Take Signe Hald Andersen and Lars Gårn Hansen, who assume that marriage does not only happen on productivity matches but also on partner specialization matches. By that they mean that like-minded people, especially with respect to female labor market participation, divorce less. But this is not sufficient: such matching is subconscious, it does not follow a rational decision, but it is consistent with it. Concretely, this means that people match on these preferences without knowing it, and when conditions change (female wages rise), divorce rates increase, but less than without partner specialization matches, and do not have to decrease. The authors then demonstrate this with an agent based model.

Tuesday, July 6, 2010

Make good grades costly to teachers

As a teacher, who has not faced this dilemma: you want your students to make an effort and learn, but you also want them rewarded with good grades so that they do well on the job market or with college applications. If your grading practices cannot be observed by outsiders, there is no reason for you to give bad grades, and students will not study hard.

Robertas Zubrickas rationalizes all this with a principal-agent model where the teacher cares more about the learning and the students more about the signaling. Teachers offer a contract to students, oberserving perfectly their performance and rewarding it with good grades. The problem is that issuing good grades is costless. Of course, what really matters are relative grades, but if the market cannot observe the grading rule or the grade distribution, all that matters are the "nominal" grades. The result: everyone gets the best grade, and there is complete pooling. And it is empirically observed that schools with laxer grading standards achieve lower SAT scores.

And how can one prevent this poor outcome. Either make the distribution of grades available, thus making grades "real" instead of "nominal." Or make it costly for teachers to give good grades (instead of making it costly to give bad grades by asking for extra administrative steps for those). For example by imposing a distribution or an average grade. I would certainly welcome this, as some of my colleague are clearly free-riding and giving good grades to everyone.

Monday, July 5, 2010

Even coercion is Pareto efficient

Much of Economics is based on the premise that property rights are well established, in particular that contracts are either enforced, or self-enforcing. But what if you have to deal with agents with no respect for property and armed with mallets?

Harold Houba and Hans-Peter Weikard describe what they term a "stone age equilibrium." It emerges when exchanges can be coercive, but also voluntary and is thus and intermediate between the Walrasian equilibrium (purely voluntary) and the "jungle equilibrium" of Piccione and Rubinstein (purely coercive). In a stone age equilibrium, no one prefers to take from a weaker agents, and there are no bilateral gains from trade. Interestingly, such an equilibrium can feature gifts and withholding goods. In other words, pretty much anything can happen. Required reading for all doomsday sayers and survivalists.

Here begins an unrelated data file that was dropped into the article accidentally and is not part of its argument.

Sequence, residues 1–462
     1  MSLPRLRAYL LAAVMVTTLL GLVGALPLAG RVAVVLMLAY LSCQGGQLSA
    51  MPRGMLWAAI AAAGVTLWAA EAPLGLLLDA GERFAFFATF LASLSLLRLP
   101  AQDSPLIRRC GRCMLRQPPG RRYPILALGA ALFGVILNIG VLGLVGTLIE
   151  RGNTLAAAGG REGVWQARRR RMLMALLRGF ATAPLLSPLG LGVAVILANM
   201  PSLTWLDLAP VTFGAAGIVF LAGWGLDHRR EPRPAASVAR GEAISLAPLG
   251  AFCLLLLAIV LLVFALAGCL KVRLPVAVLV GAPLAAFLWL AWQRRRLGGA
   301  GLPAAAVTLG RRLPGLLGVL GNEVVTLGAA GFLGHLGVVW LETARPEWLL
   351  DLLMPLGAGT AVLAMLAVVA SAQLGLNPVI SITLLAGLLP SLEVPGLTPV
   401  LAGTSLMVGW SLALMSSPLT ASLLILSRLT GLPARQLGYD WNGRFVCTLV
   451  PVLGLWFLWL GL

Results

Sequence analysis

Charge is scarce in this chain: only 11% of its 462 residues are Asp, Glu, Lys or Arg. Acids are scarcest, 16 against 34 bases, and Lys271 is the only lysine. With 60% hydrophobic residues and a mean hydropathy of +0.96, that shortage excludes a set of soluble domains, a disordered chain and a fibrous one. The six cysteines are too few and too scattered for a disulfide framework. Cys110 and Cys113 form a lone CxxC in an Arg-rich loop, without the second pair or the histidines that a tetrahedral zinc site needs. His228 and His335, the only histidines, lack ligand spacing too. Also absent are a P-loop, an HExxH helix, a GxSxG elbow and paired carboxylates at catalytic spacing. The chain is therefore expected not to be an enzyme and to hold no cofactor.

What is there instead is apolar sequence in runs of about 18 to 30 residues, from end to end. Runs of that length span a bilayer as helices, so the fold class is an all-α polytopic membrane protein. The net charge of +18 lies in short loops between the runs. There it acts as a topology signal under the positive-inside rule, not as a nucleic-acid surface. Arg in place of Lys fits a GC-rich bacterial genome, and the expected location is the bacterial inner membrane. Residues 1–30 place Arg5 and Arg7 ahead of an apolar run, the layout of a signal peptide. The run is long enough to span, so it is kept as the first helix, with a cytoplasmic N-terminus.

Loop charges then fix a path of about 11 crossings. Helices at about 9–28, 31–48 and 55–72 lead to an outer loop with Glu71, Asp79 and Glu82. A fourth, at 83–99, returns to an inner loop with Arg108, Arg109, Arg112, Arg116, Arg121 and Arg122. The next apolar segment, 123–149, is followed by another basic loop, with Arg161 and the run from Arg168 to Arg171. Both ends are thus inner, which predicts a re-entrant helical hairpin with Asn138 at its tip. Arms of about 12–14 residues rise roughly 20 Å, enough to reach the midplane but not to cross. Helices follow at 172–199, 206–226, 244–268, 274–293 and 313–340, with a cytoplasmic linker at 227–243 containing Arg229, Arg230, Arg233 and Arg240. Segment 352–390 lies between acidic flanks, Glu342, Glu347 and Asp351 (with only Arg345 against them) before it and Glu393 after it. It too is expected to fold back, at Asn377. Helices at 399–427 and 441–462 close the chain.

Friday, July 2, 2010

Multiple equilibria in environmental policy

Why do some countries, in particular developed one, engage more in environmental protection than others? The traditional answer is that higher incomes and long life expectancy allows people to value more their surroundings and the future. However, rich people or countries may engage in alleviating the consequences of a poor environment instead of contributing to a better one. For example, similarly rich countries have very different track records. Thus there must be something else that distinguishes them.

Natacha Raffin builds on the evidence that US states where higher proportion of the population holds a high school degree also are more environmentally aware, even after controlling for income. In other words education matters. But education policy is endogenous, and one needs to determine what makes a state choose to educate more its citizens on environmental issues. Say you expect poor environmental conditions, and thus shorter life expectancy. Then it is less worth investing in human capital, and the circle is complete. And the beliefs are more positive, they are also self-fulfilling. We thus have multiple equilibria. This can also explain the frustration that pro- and anti-green camps have with each other.

Thursday, July 1, 2010

Richard Wagner's Lohengrin and game theory

The analysis of fiction or fictional worlds from an economic point of view is an interesting "hobby" of some economists, from the Economics of Harry Potter, World of Warcraft to CSI: Crime Scene Investigation. There appears to be also a stream of research dealing with operas, and in particular Wagner's, which are full of intrigues, hard decisions and conflicting beliefs.

Ilias Chrissochoidis and Steffen Huck look at Lohengrin. The story is about whom to believe, commitment, signaling, normal form games, Bayesian updating, and asymmetric information. I need to listen again to Lohengrin, which I have not touched in decades. Maybe I will hear it with a new ear now that I can recognize all the Economics in it. This paper is totally useless for policy, yet fascinating.